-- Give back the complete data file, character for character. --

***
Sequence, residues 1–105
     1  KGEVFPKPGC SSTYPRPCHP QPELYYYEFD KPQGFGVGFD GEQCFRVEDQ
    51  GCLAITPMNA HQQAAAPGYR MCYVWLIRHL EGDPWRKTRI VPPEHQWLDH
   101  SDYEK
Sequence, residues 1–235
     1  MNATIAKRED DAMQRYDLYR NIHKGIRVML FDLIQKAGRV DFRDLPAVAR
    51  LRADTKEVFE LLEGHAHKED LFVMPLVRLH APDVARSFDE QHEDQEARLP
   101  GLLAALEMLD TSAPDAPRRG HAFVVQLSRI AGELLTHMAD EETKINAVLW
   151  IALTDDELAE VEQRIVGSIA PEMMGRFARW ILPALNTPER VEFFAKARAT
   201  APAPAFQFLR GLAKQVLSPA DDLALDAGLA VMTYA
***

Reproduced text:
Sequence, residues 1–105
     1  KGEVFPKPGC SSTYPRPCHP QPELYYYEFD KPQGFGVGFD GEQCFRVEDQ
    51  GCLAITPMNA HQQAAAPGYR MCYVWLIRHL EGDPWRKTRI VPPEHQWLDH
   101  SDYEK
Sequence, residues 1–235
     1  MNATIAKRED DAMQRYDLYR NIHKGIRVML FDLIQKAGRV DFRDLPAVAR
    51  LRADTKEVFE LLEGHAHKED LFVMPLVRLH APDVARSFDE QHEDQEARLP
   101  GLLAALEMLD TSAPDAPRRG HAFVVQLSRI AGELLTHMAD EETKINAVLW
   151  IALTDDELAE VEQRIVGSIA PEMMGRFARW ILPALNTPER VEFFAKARAT
   201  APAPAFQFLR GLAKQVLSPA DDLALDAGLA VMTYA